The story follows the exploits of Richard, a new scholarship student from California. He’s a stranger to the world of the wealthy and reckless students around him. At first he’s dazzled by Hampden, but soon he discovers the darkness at its heart.
When he falls in with a clique of intellectual students obsessed with ancient Greek literature, he’s over his head, surrounded by mentally unstable but devastatingly charming students.
The book manages to be both bizarre and utterly alluring. By the end, even after horrible things happen, we still want to go to that school.
1. Hogwarts - Harry Potter by JK Rowling
Really, the mother of all boarding schools, Hogwarts is the place where we all wish we’d gone. Staircases that move, portraits that talk, kids who fly on brooms, witches, warlocks, magic wands, butterbeer, sorting hats, crazy teachers, wise headmasters…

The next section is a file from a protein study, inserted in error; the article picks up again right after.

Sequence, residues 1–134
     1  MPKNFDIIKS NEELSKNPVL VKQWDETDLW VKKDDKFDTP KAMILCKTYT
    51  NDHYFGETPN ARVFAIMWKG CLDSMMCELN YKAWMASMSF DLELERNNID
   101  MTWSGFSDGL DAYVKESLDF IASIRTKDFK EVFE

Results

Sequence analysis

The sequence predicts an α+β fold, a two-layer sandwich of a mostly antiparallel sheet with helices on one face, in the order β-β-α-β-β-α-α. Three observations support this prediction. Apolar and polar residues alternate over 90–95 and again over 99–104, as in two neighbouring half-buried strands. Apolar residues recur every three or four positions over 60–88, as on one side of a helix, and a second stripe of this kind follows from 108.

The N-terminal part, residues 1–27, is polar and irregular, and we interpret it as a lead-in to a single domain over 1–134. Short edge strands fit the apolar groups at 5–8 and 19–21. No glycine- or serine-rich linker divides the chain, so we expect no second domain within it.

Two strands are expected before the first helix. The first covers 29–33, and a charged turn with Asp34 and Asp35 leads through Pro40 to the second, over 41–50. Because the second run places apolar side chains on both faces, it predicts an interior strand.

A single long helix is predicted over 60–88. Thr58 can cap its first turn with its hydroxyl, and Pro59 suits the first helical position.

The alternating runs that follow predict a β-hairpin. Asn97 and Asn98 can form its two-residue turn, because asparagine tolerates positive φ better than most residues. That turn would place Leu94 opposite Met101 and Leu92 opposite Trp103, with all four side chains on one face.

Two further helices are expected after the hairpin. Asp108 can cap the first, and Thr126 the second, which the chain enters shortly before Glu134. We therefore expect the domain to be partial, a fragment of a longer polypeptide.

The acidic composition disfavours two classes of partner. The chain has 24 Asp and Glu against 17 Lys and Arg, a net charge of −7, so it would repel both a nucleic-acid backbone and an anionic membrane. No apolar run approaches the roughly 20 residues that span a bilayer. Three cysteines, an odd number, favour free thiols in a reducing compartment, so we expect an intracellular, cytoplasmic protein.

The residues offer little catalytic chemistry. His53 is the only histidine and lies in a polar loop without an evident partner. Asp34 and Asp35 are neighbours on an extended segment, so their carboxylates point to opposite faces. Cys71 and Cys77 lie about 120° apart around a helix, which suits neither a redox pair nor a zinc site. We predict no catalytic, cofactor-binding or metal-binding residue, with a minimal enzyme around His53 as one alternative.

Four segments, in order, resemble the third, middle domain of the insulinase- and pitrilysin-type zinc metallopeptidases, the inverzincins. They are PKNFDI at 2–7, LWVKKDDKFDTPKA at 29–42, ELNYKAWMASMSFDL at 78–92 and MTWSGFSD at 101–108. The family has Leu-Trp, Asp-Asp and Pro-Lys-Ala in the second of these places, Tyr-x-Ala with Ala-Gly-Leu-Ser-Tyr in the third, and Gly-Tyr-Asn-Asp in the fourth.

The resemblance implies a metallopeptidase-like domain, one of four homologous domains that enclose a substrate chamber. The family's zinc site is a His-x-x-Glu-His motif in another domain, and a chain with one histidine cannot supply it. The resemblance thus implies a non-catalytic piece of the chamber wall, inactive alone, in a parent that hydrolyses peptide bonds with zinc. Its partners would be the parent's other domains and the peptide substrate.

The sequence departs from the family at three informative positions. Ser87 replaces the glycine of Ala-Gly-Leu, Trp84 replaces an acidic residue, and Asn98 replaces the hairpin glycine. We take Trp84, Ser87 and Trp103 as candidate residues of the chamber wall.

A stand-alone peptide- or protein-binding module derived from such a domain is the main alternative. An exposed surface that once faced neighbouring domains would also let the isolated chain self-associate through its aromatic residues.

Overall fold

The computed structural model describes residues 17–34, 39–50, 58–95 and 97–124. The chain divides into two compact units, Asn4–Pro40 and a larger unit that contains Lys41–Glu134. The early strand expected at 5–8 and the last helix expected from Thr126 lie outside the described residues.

It sounds like paradise to me.
When Harry is sent to Hogwarts after his foster family abuses him, he discovers a world of magic and mystery beyond our collective imagination. He fits in at last, and that’s one thing we all look for at a school – to feel at home.
I believe this is simply the best fictional boarding school ever created.
So what do you think? Are there any boarding school books you would add to C J's list?
Legacy, the second book in the Night School series is out in January - you can find more info on C J Daughterty's books here.